Friday, April 19, 2013

Open Book Management

As promised, here is a post on Open-Book Management.

I think one of the best ways to avoid conflict between owners and team members is to be open and honest with the team about the state of the business. In my company we share financial results of the business with the team every month.
Educating the team about the financial health of the business is a process. At first the numbers don't mean much to them. But over time you end up with a much more business-savvy group.
The first time we shared financial information we did it through an activity at a staff meeting. Here's what we did:
Divided the group into 4 teams
Each team was given a calculator, pencil and 2 rolls of pennies (100 pennies)
Each team was given a handout of our Profit and Loss Statement, with line items listed but most numbers omitted. For example:

 The teams were told that their 100 pennies represented 100% of our revenue. Then we walked through each line item in the handout and they had to allocate pennies to each line item - each penny representing 1% of sales. For technician pay, for example, a team may have assigned 50 pennies to that category to represent a 50% commission rate. For some line items I gave them the answer (like loan payments for which they would have no clue), for others I just described what goes in that line (like for salon supplies I told them this is your backbar, color, sheets, laundry detergent, etc.). Use whatever line items make sense for your business (I just realized I left out Front Desk Payroll from my example - don't put your front desk payroll in with your techncians). You may need to group some together if they are less than 1%.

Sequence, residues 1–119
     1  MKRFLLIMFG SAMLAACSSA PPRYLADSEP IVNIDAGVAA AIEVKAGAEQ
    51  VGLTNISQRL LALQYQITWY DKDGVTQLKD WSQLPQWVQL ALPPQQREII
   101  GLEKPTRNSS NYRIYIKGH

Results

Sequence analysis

When we completed the handout, we asked each team how many pennies they had left. The closest team got prizes. Back then, in our case, the correct answer was about 3 pennies. We converted that 3% to dollars and I explained that for the entire year, our profit was $13,000. We talked about how that level of cash flow did not allow for emergencies and wouldn't allow us to grow.

I think in many salons (or businesses of any kind) there is the assumption that the business is raking in the dough and the greedy owner is keeping it all. As an owner, you know that is rarely the case. This exercise shows the team that you trust them enough to share very confidential information with them and that you trust them to help you make the business succeed. We have shared our numbers with the team for 6 years now and I believe having the team understand the financial side of the business makes us a better business. It has increased trust both ways as well.

One last thing...if you can't do this exercise with your team because you don't know or understand your numbers, you need to start by educating yourself. Talk with your accountant, bookkeeper or tax preparer and see if they can help or recommend someone who can. Put in place a process where you prepare or receive your numbers every month in a timely manner.

No comments:

Post a Comment